When Sean Murray thought ahead to the days and weeks leading up to the launch of No Man's Sky, he may well have imagined a very different scenario to the one that exists today. Hello Games' third project as a studio went from relative obscurity to become one of the most anticipated games of recent years, largely down to a handful of knockout showings at major public events and the sheer ambition of what this small British studio was daring to attempt. A truly ugly response to a change to No Man's Sky's release date was one of the first blemishes on the game's otherwise spotless record. And if one were inclined to find a silver lining in that darkest of clouds, it could be argued that the vitriolic disappointment at least spoke of an intense desire for the the wait to finally be over.
As July drew to a close, the team at Hello Games had every reason to feel confident. Then, the leak.
Just over a week ago, with No Man's Sky just ten days away from its official launch, a copy of what seemed to be the full game appeared online. Numerous playthrough videos followed, more copies surfaced, and stories analysing the game's (supposedly too short) length were published. Before long, various outlets in the consumer press had obtained a copy, too, and a game designed to simulate the inscrutable majesty of the universe was having its closely guarded secrets laid bare. For a developer nearing the end of three years of hard work, it is as close to a nightmare scenario as one can imagine.
"When you make a game for console - no matter which one - you have to realise the systems developers and platform holders are dealing with weren't built for 2016"
Following the publication of No Man's Sky's Day 1 patch notes, it seems increasingly clear that "spoil" really is the appropriate term. If Murray's descriptions of the changes are accurate, whatever version of the game leaked will be very different to the one that those patient enough to ignore the many videos, streams and click-hungry articles will experience. There are new paths through the game, entire storylines have been rewritten, key gameplay systems have been given more depth and detail, while seemingly everything that exists in its universe has increased in density and variety by orders of magnitude.
Within those patch notes, under the heading "Exploits," Murray makes a telling remark. "People using these cheats were ruining the game for themselves," he said, "but people are weird and can't stop themselves."
The question, then, is could the industry do more to safeguard players against that tendency? Even if you didn't watch the playthrough videos, and even if you didn't actually click through to the articles criticising No Man's Sky for the speed with which it could be completed, if you're engaged with the discussion around games at all it is near impossible to avoid this material altogether. The ripple effect of this minority of impatient gamers travels so much further than just their own experience. It alters perception and expectations, and mostly in negative ways.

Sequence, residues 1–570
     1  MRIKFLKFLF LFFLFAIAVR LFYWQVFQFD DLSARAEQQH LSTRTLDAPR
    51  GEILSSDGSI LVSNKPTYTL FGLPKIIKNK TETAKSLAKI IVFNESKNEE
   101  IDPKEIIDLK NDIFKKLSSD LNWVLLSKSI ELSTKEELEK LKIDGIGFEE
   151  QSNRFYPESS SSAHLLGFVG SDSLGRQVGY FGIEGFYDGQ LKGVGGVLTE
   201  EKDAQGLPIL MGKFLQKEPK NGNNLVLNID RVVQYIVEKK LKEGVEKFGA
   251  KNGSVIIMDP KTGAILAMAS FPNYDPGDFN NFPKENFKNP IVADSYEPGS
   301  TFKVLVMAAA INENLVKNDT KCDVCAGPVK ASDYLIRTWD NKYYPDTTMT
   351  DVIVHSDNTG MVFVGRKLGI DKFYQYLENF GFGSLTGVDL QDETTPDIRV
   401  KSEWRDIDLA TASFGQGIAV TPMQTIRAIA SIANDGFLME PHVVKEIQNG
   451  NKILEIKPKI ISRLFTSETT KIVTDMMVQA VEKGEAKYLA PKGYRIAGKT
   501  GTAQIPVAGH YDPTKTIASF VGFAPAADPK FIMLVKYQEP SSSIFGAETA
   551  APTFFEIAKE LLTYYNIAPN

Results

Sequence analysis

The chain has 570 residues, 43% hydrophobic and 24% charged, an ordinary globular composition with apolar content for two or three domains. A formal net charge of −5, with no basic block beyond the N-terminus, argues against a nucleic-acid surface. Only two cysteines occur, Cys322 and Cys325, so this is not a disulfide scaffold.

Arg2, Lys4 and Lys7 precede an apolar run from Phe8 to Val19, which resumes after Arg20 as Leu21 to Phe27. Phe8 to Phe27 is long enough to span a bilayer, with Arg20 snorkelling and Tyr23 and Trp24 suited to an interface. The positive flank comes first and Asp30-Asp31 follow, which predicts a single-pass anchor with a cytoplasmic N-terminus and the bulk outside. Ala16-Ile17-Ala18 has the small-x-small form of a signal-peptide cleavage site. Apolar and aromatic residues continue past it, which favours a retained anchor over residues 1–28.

Speaking to Game Informer at QuakeCon this weekend, Bethesda's Pete Hines articulated the frustration of seeing a game leak so close to the point at which people could experience it as intended. "I don't think people realise how upsetting this is. And how much it bothers and hurts the devs, and all of us," he said. "You put years of your life and energy into something and somebody goes and gets it early and, regardless of whether there's a day one patch or not, it sucks.
"As for the No Man's Sky folks, I feel for them, and for any dev that has to go through it," he said. "It really sucks. It's not the fans fault that the store decided to sell it. If I walked into a store and they said, 'Here's Dishonored 2,' yeah, I would want to play that."
This is the bitter contradiction that developers have to reckon with in these moments: understanding what it is to be so enthusiastic for a game, and yet also knowing better than anyone the degree to which the experience through that indulgence. In the case of Hello Games, the degree to which the Day 1 patch will change and improve the game is more pronounced, and so the damage done is also intensified. According to Hines, the industry offered gamers a solution to this issue only a few years ago: the Xbox One's original strategy of being "always online," which was both poorly communicated and roundly and vehemently rejected by early console adopters.
"Remember that conversation a few years ago about always online? Guess what that stops?" Hines said. "It stops people from getting the game early and playing it before they are supposed to. There are plenty of reasons to be unhappy about that, but one of the things that it actually did was prevent people from playing it early."
Hines also praised Blizzard's decision to sell boxed copies of Overwatch early because, as an online multiplayer game, the disc is effectively a paperweight until the servers are turned on. However, "you can't do that with single player games like Dishonored 2. I can't force you to connect to activate the game. That really screws over people without internet connections. That's the rub." And that'sm a rub that Microsoft would have attempted to eradicate with its original vision for the Xbox One.